Вы находитесь на странице: 1из 13

# An ordered set of data contained in the main memory.

A list structure in which each element, except the last, has a unique successor.

Linear List
Types and Sub-types of a Linear List
Linear List

General

Restricted

LIFO (Last-In-First-Out)

FIFO (First-In-First-Out)

## General Linear List

A structure in which the ordering of the elements is determined by linked fields. The link identifies the next element in the list.

1. Singly-Linked List (SLIST) The simplest kind of linked list is a singly-linked list (or slist for short), which has one link per node. This link points to the next node in the list, or to a null value or empty list if it is the final node.

2. Doubly-Linked List A more sophisticated kind of linked list is a doubly-linked list or two-way linked list. Each node has two links: one points to the previous node, or points to a null value or empty list if it is the first node; and one points to the next, or points to a null value or empty list if it is the final node

3. Circularly-Linked List The first and final nodes are linked together. This can be done for both singly and doubly linked lists. To traverse a circular linked list, you begin at any node and follow the list in either direction until you return to the original node.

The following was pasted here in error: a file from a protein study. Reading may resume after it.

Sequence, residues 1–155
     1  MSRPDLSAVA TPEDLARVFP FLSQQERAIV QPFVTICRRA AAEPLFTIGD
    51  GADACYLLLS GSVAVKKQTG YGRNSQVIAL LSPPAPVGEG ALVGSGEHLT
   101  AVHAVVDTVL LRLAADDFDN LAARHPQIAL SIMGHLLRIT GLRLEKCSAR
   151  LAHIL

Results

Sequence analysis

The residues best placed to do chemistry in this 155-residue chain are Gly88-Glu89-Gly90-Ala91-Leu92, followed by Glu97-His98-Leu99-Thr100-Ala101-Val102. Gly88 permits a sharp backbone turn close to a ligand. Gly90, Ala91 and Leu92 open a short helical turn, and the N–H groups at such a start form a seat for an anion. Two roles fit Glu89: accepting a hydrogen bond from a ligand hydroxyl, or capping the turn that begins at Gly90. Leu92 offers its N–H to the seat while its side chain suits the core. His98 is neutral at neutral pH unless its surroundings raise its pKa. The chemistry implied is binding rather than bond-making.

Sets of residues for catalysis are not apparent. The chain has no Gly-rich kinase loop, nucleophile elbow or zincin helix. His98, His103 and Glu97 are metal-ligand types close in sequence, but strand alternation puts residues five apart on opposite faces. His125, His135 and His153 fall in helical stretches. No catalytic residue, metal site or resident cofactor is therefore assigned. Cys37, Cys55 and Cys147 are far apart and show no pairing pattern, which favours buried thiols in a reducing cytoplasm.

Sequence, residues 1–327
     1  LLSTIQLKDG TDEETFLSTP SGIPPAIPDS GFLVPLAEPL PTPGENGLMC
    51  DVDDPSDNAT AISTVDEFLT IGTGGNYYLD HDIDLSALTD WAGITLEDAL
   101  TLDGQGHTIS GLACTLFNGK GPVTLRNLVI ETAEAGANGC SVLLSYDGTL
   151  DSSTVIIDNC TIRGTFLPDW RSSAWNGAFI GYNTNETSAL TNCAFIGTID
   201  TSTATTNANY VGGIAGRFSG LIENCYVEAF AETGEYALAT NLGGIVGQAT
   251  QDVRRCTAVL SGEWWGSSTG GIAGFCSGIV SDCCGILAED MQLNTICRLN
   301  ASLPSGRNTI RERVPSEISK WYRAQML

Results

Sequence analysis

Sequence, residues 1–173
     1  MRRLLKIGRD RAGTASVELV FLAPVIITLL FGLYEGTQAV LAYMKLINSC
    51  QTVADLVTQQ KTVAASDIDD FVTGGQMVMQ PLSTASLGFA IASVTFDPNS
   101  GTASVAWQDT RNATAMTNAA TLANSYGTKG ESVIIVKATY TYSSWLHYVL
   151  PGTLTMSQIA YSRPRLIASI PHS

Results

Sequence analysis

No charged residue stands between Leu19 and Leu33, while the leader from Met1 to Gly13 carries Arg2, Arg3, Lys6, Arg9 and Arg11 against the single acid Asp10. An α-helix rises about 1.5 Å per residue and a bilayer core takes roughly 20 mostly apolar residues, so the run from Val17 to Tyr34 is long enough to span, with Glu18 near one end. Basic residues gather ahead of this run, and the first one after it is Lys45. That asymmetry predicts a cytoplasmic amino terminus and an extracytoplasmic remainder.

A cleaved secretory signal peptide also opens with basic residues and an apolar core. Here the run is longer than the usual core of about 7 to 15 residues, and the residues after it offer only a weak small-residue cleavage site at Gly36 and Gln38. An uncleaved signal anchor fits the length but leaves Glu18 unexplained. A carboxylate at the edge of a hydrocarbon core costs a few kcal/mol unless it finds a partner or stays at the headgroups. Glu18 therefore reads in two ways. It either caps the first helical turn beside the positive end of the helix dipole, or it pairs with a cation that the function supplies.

## Restricted Linear List

(Last-In-First-Out) A data structure processing sequence in which data are processed in the reverse order as they are retrieved.

(First-In-First-Out) A data structure processing sequence in which data are processed in the order that they are retrieved.

Stack
Last-In-First-Out

A stack is a linear list in which all additions and deletions of data are restricted to one end called TOP.

Stack of Coins

Stack of Books

Stack
Basic Operations of Stack

## Potential problem Overflow Underflow Underflow

Queue
First-In-First-Out

A queue is a linear list in which data can only be inserted at one end called the REAR, and deleted from the other end called the FRONT.

People in queue

Queue
Basic Operations of Queue

## Potential problem Overflow Underflow Underflow Underflow

Refrences
Data Structures: A Pseudocode Approach with C (2005), Richard f. Gilberg & Behrouz A. Forouzan

http://www.wikipedia.com